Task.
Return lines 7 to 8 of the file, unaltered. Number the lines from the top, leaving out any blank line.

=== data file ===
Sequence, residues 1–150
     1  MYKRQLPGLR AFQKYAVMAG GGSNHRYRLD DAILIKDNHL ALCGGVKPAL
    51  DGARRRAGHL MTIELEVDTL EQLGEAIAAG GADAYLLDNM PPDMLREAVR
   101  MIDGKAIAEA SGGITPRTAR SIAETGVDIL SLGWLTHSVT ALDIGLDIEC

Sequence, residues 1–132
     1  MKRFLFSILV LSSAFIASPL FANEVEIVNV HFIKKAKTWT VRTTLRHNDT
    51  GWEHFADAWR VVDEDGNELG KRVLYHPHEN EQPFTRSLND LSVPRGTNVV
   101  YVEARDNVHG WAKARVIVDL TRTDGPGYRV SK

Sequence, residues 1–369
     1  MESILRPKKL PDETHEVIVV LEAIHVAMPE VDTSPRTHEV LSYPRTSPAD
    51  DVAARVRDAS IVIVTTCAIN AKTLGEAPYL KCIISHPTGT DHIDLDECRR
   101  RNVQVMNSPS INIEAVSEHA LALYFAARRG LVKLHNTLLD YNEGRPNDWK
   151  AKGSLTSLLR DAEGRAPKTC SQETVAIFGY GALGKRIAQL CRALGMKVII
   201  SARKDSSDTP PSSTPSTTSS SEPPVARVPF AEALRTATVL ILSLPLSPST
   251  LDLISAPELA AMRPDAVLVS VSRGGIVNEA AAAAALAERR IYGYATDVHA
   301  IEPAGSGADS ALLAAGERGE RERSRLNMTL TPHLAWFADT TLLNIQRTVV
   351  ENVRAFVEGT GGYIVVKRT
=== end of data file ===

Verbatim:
    51  GWEHFADAWR VVDEDGNELG KRVLYHPHEN EQPFTRSLND LSVPRGTNVV
   101  YVEARDNVHG WAKARVIVDL TRTDGPGYRV SK